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Everyone wants to ride the wave of ETFs, the trending product on Wall Street

JP Morgan Asset Management aims to reach a market share of $1 trillion in exchange-traded funds, which currently manage savings valued at $12 trillion

George Gatch, CEO of J.P. Morgan Asset Management
George Gatch, CEO of JP Morgan Asset Management, at the Media Day in London on March 13.Sarah Weal
David Fernández

The first exchange-traded fund (ETF) was launched in 1990. However, this passively managed product (it normally replicates stock market indexes) with low fees and the liquidity of a stock, and which can be bought and sold in real time unlike conventional funds with end-of-day net asset value, did not begin to take off commercially until the first decade of the 21st century. And when it did, the growth was spectacular. Currently, these vehicles manage savings valued at $12 trillion, and the forecast is that in 2027 the assets under management will reach $20 trillion.

In this growing business, JP Morgan Asset Management wants to play a greater role. The American bank manager started relatively late in the sale of ETFs — it launched its platform in 2014 — and now has 113 exchange-traded funds, with assets of $164 billion. “Our goal is that within five years this figure will reach one trillion dollars,” explained George Gatch, CEO of JP Morgan Asset Management, last week during an annual media event held in London and to which EL PAÍS was invited.

JP Morgan Asset Management’s main way to grow in this market is, above all, through the so-called actively managed ETFs. These products have the same liquidity and pricing characteristics of regular ETFs, but they do not simply replicate the behavior of a stock market index. Instead, managers have some leeway to move the portfolio and, if they get it right, achieve extra profitability. “Our approach to risk is about helping clients navigate turbulent times. And we do that focused on active management. Uncertainty generated inefficiencies in many markets and that means opportunities for good managers,” Gatch explained. “Actively managed ETFs are now only 6% of the exchange-traded fund market, but they represent a revolution in this industry due to their cost, transparency, efficiency and flexibility.”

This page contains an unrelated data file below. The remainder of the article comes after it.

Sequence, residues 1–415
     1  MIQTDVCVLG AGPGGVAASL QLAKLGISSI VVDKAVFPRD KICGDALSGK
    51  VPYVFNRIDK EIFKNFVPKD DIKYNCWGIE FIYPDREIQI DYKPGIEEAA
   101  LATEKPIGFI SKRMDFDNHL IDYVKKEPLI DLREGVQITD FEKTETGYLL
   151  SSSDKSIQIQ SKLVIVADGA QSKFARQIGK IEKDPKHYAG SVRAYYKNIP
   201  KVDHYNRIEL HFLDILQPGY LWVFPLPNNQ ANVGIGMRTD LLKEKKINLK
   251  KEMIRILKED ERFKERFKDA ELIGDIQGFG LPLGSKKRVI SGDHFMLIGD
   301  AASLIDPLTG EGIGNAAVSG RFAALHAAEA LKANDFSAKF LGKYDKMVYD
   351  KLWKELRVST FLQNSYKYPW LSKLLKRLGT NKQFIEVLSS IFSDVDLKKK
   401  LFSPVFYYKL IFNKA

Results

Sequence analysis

Sustainability

Gatch also highlighted the sector’s commitment to technology. “It is the biggest challenge facing the industry. We already have 150 engineers. It will allow us to reduce costs and provide greater added value to customers,” he said. Along with ETFs, another one of the American asset manager’s major lines of growth is in alternative products. “Unlisted assets offer diversification in clients’ portfolios,” Gatch said.

Karen Ward, Chief Market Strategist for Europe, the Middle East and Africa at JP Morgan Asset Management, also participated in the event and sent an optimistic message about the global situation. “The economy is doing better than managers could have thought two years ago,” she underscored. In her opinion, inflation, although it is moderating, will be the key variable around which the behavior of the markets will pivot in the coming months. “Real wages are rising for the first time in a long time. That’s good news for consumption. Furthermore, fiscal policy should work in favor of economic growth. Governments are making great public spending efforts to finance the energy and digital transition.”

Regarding monetary policy, Ward believes that Western central banks will begin to lower rates starting next summer. “But they will remain higher than before Covid. If you think about it, that would be a good sign because it would mean that the global economy has enough strength to grow far from zero rates.”

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